During the late-1930s, while working at Hershey Country Club in Hershey, Pennsylvania, my father’s aptitude for playing and teaching the game improved as did his status on the PGA Tour. Certainly, his day-to-day association with Henry Picard helped him immeasurably in this regard. For sure, the two men spent countless hours together on the practice tee.
It was during those practice sessions that my father, for the first time in an intensive way, was exposed to the philosophy of another great student of the swing. Picard began passing along “secrets” shared with him by one of the most respected golf theorists of the day, Alex J. Morrison. Picard had been under the aegis of the West Coast swing doctor since the summer of 1935.
Morrison felt that golf was 90% mental, 8% physical, and 2% mechanical. By the 1920’s, he had become a noted teacher and exhibition golfer traveling the vaudeville circuit. Stage entertainment was the perfect fit for a man who favored multi-patterned sweaters, bright argyle socks and had the nervy showmanship to smash golf balls off a man’s head. Still, Morrison was a serious instructor, who prided himself on using “impersonal, scientific” principles and state-of-the-art films of famous golfers to demonstrate technique. Morrison was the first person to make extensive use of a high-speed camera to film the golf swing. At his Southern California base of operations on Catalina Island, his clientele included Charley Chaplin and Douglas Fairbanks – Bob Hope and Bing Crosby frequented his driving range in New York City. Morrison authored two books on golf instruction; A New Way to Better Golf by William Heinemann LTD London, England and “Better Golf without Practice” by Alex J. Morrison Simon and Schuster New York * 1940.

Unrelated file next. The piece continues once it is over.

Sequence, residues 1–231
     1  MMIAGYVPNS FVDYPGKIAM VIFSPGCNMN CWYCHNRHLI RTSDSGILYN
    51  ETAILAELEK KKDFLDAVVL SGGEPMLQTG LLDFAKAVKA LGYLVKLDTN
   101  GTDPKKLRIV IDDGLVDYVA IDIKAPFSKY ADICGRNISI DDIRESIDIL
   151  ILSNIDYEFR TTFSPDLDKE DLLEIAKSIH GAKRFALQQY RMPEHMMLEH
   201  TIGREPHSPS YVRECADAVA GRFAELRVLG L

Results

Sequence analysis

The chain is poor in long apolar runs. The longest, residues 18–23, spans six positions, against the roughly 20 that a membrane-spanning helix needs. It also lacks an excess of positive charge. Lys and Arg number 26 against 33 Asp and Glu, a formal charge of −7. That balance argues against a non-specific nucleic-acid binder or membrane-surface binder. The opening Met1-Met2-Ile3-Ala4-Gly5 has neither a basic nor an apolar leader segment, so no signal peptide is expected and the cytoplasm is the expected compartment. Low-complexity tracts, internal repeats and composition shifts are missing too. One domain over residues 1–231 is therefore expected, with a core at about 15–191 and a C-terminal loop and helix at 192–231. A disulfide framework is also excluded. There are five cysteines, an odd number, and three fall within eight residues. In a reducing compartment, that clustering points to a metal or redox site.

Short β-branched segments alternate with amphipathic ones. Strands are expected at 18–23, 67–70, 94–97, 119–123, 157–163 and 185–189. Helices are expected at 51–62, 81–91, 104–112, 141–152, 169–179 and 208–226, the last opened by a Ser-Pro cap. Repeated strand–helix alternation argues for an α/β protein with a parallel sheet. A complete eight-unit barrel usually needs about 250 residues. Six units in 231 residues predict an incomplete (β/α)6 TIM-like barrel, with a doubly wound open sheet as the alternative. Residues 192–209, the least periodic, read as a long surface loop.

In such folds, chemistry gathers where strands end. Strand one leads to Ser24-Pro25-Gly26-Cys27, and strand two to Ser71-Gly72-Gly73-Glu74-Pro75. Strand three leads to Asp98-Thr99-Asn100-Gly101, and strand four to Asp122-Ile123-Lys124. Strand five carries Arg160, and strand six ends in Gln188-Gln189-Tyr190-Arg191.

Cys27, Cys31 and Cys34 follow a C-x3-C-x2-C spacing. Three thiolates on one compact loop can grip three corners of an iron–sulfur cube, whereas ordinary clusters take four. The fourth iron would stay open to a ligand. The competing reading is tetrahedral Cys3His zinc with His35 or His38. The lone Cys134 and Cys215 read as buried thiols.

While doing extensive research for my book “Jack Grout: A Legacy in Golf,” I was fortunate to receive the following information about Alex Morrison on Wednesday, June 10, 2009 from Adrian Whited, Club Historian at Los Angeles Country Club:
- I was privileged to meet and have a four-hour recorded conversation with him (Alex Morrison) shortly before he died September 25, 1986 at age 90.
- In 1908, at age 12 or so, he started caddying at The Los Angeles C.C., when the Club was located at Pico and Western. In 1910, he was still caddying and going to school (Manual Arts High School).
- In 1911, the Club relocated to our present location where Alex continued to caddie for a time. He did assist the golf professional by cleaning clubs, oiling shafts, etc.
- As far as I know, Alex was never a Club employee. He was a friend of many members and was a guest at the Club whenever he was in the area.
- One story Alex told me was when the Club leaders asked him to hit shots to help locate some holes, and to help verify the playability when the course was redesigned in 1920. They called him “Slats” (very thin) and fellows would say “Hit it Slats, see if you can reach it” etc…
- In the 1920’s, he had become a noted teacher and exhibition golfer traveling the vaudeville circuit. He told me his brother George was a better golfer.
- Alex also wrote several books (the last in the early 40’s) and was the first to use a high-speed camera to film the golf swing (on Catalina Island). He was friends with and taught many movie people. In fact, he was still teaching Claude Aikens when we met in 1986. I met Aikens later and he spoke very highly of Alex.
- Morrison told me that Henry Picard started taking lessons from him in 1935 or so, and Alex continued to be his mentor for several years. I have read where Picard gave Alex much credit for the resurgence in his career and resulting large number of wins; including The Masters, in the late 1930’s.
- I understand your father learned from and was influenced by Picard. And, I know that your father taught Jack Nicklaus. From reading and observing, it appears Nicklaus flattened his swing (1980) towards the end of his tour career which is part of what Morrison had taught.